My Story: Going for Gold, Staying Out of the Red

Financial Planning

My Story: Going for Gold, Staying Out of the Red

Olympic steeplechase hopeful Mason Cathey, of Indianapolis, Indiana, is in training for the 2012 London Games while keeping her finances on track.

What's your schedule?

I spend about three hours a day training, which includes running, icing and stretching, and a few times a week I go for another run. During track season, the team I belong to travels to a meet about every other weekend. I also work about 25 hours per week. After all that, I'm just tired.

What's your best time?

I've run a 10:03, and that was 14th in the U.S. last year. In my event, only the country's top three runners make it to the Olympics.

How do you manage your finances?

I don't have any student loans because I finished my undergrad and graduate degrees at the University of Florida on full scholarship. And I coached at two colleges for a few years after graduating, so I saved up while I had that salary. By working part-time at The Running Company, a retail running-supply store, I'm able to put about $3,000 a year into a Roth IRA. And every month I put $50 into a Vanguard mutual fund. My $25 monthly dues to the team cover entry fees and expenses for the races.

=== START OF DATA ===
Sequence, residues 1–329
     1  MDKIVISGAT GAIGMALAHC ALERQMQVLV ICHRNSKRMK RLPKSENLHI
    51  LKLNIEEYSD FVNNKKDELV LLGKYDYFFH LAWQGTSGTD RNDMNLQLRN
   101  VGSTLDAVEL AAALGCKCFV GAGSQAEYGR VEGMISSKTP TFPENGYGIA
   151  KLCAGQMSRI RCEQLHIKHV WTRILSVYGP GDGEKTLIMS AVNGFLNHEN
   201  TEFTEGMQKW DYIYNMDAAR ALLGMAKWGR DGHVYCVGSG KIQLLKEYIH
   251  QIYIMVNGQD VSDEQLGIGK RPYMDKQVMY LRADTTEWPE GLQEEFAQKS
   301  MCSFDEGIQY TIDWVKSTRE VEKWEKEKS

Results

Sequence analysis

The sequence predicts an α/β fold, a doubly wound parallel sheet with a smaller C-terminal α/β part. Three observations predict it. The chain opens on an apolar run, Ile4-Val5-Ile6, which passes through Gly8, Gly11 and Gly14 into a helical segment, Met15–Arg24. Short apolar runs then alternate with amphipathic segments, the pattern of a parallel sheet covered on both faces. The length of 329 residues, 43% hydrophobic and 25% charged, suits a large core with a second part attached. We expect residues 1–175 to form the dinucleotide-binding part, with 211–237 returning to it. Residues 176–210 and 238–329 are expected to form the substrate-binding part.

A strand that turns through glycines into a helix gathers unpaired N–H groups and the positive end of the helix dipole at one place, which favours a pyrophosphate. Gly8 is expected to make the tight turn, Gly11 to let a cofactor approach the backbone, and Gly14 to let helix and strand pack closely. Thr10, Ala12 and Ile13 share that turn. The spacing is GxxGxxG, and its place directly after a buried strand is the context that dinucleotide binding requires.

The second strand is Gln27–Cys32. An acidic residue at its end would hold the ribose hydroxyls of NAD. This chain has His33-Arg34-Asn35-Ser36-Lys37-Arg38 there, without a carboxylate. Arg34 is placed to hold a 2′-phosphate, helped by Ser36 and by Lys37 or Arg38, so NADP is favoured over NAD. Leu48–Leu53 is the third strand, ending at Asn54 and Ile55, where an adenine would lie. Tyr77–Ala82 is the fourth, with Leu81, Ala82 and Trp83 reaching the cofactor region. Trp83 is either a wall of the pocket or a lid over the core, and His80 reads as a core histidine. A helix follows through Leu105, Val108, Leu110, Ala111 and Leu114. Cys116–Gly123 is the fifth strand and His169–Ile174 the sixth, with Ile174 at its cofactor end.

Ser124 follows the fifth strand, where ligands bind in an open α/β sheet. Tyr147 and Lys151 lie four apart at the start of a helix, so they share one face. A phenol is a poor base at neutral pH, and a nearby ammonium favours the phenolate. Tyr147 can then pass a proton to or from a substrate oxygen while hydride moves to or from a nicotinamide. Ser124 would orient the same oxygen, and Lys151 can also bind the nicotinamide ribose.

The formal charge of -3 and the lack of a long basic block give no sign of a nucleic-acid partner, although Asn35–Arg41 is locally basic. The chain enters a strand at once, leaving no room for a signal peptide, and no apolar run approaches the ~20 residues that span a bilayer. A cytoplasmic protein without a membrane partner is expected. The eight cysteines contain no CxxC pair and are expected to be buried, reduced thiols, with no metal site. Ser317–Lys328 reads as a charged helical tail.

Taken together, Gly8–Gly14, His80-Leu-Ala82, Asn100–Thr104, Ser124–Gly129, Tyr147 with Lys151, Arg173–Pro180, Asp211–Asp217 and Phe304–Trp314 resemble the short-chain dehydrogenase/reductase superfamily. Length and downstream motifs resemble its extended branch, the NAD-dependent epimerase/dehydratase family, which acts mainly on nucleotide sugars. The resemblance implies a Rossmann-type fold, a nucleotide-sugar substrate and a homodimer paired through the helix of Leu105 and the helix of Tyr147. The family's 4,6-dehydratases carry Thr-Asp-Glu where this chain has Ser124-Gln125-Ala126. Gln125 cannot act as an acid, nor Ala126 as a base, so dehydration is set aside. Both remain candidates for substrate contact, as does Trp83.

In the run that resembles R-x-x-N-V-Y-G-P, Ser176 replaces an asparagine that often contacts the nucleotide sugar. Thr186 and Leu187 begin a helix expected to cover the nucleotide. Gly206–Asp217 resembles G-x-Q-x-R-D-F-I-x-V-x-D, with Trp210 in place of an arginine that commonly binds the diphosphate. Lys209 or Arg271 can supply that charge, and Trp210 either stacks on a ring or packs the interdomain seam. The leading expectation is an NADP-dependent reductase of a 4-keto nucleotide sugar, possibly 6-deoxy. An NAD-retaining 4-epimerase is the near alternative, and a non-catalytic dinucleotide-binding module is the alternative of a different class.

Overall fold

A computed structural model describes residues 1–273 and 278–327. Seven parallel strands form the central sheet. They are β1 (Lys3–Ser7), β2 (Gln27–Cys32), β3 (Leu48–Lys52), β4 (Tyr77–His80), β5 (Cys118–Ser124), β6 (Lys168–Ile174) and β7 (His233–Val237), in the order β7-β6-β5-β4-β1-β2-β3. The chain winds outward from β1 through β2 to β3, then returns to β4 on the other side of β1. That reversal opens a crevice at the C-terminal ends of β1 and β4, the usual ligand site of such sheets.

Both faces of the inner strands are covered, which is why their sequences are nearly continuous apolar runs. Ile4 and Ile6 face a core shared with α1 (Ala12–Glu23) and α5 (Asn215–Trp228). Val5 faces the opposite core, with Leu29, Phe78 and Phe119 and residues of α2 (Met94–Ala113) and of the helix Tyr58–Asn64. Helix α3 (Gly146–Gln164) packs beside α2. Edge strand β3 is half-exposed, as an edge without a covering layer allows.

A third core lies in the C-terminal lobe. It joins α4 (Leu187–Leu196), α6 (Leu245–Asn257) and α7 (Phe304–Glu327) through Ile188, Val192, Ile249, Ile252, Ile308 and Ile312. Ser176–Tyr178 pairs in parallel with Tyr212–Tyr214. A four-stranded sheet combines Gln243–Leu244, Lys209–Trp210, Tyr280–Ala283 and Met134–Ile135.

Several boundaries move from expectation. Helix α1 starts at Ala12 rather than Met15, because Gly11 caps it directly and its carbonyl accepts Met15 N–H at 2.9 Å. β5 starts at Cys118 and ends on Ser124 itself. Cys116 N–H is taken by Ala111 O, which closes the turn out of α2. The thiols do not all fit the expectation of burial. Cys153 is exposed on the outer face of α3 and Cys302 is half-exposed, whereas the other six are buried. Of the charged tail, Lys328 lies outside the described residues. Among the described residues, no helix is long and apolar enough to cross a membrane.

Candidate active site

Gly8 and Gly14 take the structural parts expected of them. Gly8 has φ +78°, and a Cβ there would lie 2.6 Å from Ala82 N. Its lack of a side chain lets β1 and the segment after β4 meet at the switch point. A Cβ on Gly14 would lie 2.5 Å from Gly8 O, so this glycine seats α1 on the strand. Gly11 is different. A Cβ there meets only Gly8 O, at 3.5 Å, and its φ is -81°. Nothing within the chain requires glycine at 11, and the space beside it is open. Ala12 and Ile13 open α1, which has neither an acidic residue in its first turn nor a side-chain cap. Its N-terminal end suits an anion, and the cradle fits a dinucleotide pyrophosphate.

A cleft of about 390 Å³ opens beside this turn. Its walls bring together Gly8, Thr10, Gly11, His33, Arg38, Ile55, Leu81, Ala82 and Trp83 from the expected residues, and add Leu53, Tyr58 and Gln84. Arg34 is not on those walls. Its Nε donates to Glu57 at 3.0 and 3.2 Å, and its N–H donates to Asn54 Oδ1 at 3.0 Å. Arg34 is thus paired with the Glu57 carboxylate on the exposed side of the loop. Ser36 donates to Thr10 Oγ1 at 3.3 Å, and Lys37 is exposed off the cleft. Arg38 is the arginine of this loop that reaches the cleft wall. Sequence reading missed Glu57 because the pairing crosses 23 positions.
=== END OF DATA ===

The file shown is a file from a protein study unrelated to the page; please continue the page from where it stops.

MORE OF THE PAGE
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Do you make money when you compete?


I don't depend much on prize money, especially during track season. But I run road races in the off-season, and those events sometimes offer around $500 for first place.

Do you get any financial support from the U.S. Olympic Committee?

The USOC helps the top three competitors in each event. I'm not at that level yet.

What do you do about health insurance?


I was covered while I coached at the college level, but when I returned to competitive running I wasn't covered for about a year. My friends and family encouraged me to buy health insurance, so I bought a catastrophic policy. My deductible is high, and I have to pay every time I visit the doctor, so I don't go as often as I should. Unfortunately, it's very common for post-collegiate athletes who are starting out not to have any coverage.

Do you think all this will pay off?

It's hard to put a price tag on what I'm doing, but I know it's something I've got to do.